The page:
The studentship will require exploration of some area within the general field of the Use of the Old Testament in the New. Candidates will be free to choose which book(s) of the New Testament to study in depth, and which aspect of the field to focus on (e.g. direct OT citations; OT allusions; the exegetical techniques of a NT author; the representation in a NT book of an OT narrative or characters; Septuagintal text-form; parallels in the Qumran texts, other ancient Jewish commentaries or Hellenistic literature; the contribution to this field of rhetorical or narrative criticism; theological intentions of a NT author). Candidates will be invited to state on their application form the aspect(s) of New Testament study in which they are particularly interested, and to outline a draft research topic/proposal. Those called for interview will also be asked to supply samples of their previous work.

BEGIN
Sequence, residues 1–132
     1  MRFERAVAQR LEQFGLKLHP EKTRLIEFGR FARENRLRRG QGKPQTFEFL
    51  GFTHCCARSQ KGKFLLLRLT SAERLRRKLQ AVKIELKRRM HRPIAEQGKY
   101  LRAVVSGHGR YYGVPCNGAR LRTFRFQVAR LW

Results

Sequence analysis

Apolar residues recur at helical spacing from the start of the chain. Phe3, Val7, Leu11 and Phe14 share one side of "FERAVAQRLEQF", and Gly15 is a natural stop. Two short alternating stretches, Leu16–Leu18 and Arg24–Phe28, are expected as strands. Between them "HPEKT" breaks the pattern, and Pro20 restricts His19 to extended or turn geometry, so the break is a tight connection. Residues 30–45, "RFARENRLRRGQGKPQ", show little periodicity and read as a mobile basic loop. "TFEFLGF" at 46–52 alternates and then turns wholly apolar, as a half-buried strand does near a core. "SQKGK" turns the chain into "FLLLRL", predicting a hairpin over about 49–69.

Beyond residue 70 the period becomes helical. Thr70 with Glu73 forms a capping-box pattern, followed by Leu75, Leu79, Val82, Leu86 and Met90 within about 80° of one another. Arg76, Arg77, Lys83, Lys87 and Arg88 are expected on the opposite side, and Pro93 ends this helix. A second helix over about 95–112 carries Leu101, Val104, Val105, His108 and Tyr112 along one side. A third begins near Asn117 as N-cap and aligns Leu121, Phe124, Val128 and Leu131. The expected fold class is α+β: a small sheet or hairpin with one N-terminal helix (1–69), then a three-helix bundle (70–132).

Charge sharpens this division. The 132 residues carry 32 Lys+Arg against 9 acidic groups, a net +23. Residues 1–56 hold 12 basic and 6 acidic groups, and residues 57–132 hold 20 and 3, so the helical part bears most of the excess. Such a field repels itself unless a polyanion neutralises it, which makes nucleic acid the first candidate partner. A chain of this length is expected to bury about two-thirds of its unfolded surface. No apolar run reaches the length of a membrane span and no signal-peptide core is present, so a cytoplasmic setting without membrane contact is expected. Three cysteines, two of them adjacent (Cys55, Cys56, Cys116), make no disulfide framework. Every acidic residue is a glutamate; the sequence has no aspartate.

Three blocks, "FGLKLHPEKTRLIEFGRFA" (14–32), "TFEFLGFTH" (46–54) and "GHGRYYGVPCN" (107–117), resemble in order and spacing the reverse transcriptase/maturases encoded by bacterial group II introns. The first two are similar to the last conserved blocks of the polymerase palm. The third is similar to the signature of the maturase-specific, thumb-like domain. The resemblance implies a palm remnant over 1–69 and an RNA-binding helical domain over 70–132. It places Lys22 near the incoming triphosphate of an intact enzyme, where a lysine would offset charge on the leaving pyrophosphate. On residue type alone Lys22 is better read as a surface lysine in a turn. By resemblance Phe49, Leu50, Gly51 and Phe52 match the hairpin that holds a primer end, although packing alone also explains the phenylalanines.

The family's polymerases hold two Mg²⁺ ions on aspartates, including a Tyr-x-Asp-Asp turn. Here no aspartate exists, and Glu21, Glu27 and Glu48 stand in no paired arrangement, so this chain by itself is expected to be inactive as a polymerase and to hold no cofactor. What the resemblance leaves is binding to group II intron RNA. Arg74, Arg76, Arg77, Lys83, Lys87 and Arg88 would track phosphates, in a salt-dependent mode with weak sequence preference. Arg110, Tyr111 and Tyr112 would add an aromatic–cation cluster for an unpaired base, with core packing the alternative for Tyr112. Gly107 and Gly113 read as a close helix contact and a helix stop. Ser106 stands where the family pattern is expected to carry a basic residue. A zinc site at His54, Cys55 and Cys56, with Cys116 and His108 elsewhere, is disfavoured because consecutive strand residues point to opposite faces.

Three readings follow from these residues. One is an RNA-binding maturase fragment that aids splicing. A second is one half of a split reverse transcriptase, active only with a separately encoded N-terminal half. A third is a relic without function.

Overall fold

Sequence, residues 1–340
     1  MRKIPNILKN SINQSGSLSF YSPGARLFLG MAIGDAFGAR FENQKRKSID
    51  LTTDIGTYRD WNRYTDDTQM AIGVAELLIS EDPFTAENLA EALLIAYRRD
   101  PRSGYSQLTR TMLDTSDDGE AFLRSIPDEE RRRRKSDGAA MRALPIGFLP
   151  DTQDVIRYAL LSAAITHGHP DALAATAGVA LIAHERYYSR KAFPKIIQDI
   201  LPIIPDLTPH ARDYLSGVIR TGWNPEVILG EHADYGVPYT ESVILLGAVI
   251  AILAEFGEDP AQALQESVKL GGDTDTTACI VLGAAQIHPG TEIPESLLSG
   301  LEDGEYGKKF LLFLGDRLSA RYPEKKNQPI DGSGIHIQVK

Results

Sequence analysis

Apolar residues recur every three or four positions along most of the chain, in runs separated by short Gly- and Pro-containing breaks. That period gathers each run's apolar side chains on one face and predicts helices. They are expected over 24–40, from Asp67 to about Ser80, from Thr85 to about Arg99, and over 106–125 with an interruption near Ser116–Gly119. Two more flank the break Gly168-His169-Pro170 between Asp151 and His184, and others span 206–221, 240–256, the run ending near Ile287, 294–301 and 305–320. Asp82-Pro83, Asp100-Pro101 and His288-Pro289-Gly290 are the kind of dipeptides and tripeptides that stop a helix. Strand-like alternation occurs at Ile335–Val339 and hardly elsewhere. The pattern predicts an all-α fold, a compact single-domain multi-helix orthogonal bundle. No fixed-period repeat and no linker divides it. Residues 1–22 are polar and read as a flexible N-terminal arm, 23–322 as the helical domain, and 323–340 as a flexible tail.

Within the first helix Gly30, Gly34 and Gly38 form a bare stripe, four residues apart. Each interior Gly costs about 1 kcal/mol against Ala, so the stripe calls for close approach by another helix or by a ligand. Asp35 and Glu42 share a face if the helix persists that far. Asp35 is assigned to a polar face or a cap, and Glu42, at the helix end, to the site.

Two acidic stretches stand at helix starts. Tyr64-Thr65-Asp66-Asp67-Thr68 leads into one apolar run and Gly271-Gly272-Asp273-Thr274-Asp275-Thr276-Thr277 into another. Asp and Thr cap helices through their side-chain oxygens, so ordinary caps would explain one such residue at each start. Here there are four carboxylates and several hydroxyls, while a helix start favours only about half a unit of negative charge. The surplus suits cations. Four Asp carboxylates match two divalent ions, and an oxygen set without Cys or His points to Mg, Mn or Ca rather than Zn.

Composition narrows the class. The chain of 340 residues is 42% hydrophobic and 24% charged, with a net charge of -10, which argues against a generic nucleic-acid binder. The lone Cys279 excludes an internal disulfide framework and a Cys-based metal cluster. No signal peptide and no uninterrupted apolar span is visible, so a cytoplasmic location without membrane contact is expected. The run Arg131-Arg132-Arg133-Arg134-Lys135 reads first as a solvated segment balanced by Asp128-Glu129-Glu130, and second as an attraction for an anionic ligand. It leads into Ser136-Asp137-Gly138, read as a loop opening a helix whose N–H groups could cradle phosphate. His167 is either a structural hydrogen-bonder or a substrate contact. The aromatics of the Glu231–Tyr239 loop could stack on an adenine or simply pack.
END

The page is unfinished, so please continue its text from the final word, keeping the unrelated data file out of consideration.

The Supervisory team will be:
Dr. Martin O’Kane, Visiting Professor of Biblical Studies at Newman University College and Senior Lecturer in Biblical Studies at the University of Wales, Lampeter (areas of expertise: Hebrew Bible, literary and inter-disciplinary approaches to the text); and Dr. Susan Docherty (areas of expertise: Use of the OT in the NT, Septuagint, Second Temple Judaism).

For further information please contact:
Dr. Susan Docherty; S.E.Docherty@newman.ac.uk; 0121 476 1181 ext.
2231. Informal enquires/discussions from interested candidates are welcome.

Check out the latest edition of the Patristics Carnival hosted at Heart, Soul, Mind and Strength this month.